Being in a place like Sweden really doesn't carry the far-from-home shock value of a lot of other European countries. Sure, the immaculate streets and people make you feel vaguely like you're walking through the filming of a movie where the star hasn't yet arrived and everyone is acting "natural", and yes everyone you speak with has an accent (but they're speaking English... which they somehow just KNOW to use with you), but it's no Poland.
I stood there then in the thick of it right then, in Malmo, Sweden, worlds away from my life in Philly yet completely unphased. While I spoke of sleeping arrangements matter-of-factly with our host for the night, Tomas, in his store Justine and Juliet I thought, "Man, I really am 'Euro jaded'." I'd lost the magic in a visit to Europe. Feeling a little worn and a little old, I took in the little shop. It was small and elegant. Across from me a glass case held big, shiny, rhinestoned... somethings. It was a jewelry store, I decided. But wait, what kind of jewelry store was it with so few pieces? I looked again and thought, "Wait, are those...???... nooooo ..." Right then Tomas's small and adorable girlfriend/business partner walked in and started to dress a mannequin... in a strap-on harness.
"We open Wednesday... we're a sex shop! A vegan sex shop!"
In the glass case across from me the rhinestoned butt plugs sparkled under the soft lights of the store. Tomas, pale and blond, smiled broadly and talked to me about Earth Crisis. I was so, so far from home.
Shock and awe.
KINGDOM/WRONG ANSWER EUROPEAN TOUR BLOG, DAY 1. Lund, Sweden.
This is what I wrote in my journal at the venue: "ONIONS."
A pot of stew was already bubbling away when we arrived. Marinating in the familiar scent of European Tour, we organized merch and sound checked, ate and hung out. Kids started to show up. Ahhh, Euro Crowd. Hardcore and punk, girls and boys, oversized crew necks and dread mullets. It had begun.
"We're Wrong Answer from Philadelphia, Pennsylvania..."
I had the pre-set jitters. I wormed my way anxiously through the crowd to the bathroom at least 6 times. I warmed my voice up for far longer than necessary. I drank so much water it sloshed around in my stomach like a self-contained sea. We set up and got on stage, red stage lights blinding us, fog machine kicking in. "I feel like I'm in Slayer." The crowd giggled. Our set was, well, a set (I never know what to say about this), and when it was over these things happened.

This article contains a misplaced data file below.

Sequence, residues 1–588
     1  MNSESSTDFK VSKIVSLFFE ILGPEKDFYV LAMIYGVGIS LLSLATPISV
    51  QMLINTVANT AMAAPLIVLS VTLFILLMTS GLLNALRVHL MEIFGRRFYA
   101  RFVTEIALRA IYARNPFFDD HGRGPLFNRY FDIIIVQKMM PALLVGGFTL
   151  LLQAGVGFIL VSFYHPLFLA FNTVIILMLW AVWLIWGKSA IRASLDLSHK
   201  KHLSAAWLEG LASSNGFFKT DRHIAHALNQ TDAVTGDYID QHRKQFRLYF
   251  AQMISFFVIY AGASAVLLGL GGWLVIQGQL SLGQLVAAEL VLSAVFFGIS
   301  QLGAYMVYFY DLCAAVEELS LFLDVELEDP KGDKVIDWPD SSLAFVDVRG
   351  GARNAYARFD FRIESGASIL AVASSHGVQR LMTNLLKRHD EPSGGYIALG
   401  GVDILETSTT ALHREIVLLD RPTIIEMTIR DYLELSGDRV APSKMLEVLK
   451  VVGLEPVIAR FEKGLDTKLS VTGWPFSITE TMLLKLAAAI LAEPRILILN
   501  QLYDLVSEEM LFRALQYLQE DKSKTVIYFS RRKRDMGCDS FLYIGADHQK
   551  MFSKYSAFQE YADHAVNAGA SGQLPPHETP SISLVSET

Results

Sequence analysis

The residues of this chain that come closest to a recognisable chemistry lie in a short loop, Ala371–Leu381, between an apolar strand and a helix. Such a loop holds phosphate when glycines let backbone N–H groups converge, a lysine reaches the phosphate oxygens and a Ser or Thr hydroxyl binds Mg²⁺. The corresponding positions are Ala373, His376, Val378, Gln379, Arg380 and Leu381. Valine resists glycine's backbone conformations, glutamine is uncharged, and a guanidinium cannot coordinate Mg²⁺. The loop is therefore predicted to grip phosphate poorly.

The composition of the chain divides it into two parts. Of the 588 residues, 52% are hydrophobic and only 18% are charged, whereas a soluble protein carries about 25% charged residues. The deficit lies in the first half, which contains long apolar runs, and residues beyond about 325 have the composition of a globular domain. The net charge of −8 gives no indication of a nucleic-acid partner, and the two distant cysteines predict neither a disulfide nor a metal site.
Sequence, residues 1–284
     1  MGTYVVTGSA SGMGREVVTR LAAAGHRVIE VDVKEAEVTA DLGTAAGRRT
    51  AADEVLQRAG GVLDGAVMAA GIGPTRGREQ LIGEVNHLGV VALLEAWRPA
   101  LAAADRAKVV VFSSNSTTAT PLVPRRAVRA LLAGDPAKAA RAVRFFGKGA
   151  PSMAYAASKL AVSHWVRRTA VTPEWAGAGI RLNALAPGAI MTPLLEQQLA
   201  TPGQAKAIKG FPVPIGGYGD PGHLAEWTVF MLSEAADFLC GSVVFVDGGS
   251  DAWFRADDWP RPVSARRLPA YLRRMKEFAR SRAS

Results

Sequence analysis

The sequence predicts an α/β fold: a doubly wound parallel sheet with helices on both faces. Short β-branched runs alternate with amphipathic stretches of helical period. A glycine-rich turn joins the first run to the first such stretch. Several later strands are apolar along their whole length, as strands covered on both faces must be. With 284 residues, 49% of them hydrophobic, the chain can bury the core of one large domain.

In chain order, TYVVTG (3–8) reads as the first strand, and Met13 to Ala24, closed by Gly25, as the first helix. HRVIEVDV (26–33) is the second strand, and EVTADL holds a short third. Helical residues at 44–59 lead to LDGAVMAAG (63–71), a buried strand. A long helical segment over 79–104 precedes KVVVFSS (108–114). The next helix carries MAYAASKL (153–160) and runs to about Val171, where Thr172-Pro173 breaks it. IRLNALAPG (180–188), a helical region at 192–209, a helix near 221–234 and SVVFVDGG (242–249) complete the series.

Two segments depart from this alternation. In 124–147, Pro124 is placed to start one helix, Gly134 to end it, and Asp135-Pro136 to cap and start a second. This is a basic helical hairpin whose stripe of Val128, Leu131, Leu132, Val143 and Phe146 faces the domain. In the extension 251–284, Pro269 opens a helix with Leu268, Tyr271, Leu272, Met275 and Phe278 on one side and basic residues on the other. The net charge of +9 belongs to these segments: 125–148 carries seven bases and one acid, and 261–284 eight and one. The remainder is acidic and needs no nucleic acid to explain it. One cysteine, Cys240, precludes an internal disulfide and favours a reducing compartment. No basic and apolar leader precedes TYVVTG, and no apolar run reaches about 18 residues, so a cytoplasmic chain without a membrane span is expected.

1. We were presented with a vegan chocolate coconut cake, which we devoured.
2. A girl came over to me holding a curved piece of metal and told me that she felt she should tell me she broke her bra dancing during our set. I had literally no idea what to say to that and while stumbling around for an appropriate response she said, "I'm going to go find someone to give this to!" and walked away.
3. A dude came over to me and, in heavily accented English, said, "This is my first hardcore show. I liked it.", and I found myself again trying to figure out an appropriate response, ending up with something kind of halting and lame like, "Good! Uh... hardcore is... awesome!"
After the show we went back to Tomas's and made another trip to Jalla Jalla (a vegan-friendly falafel spot in Malmo) where we met a drunken local who, with hummus smeared across his cheeks, told us he used to live in Alabama (which he pronounced with a southern accent) and where he had been known as "The Redneck Swede", and the next morning we got into our little loftless van with Kuba, our metal-loving Polish driver, headed to Stockholm.
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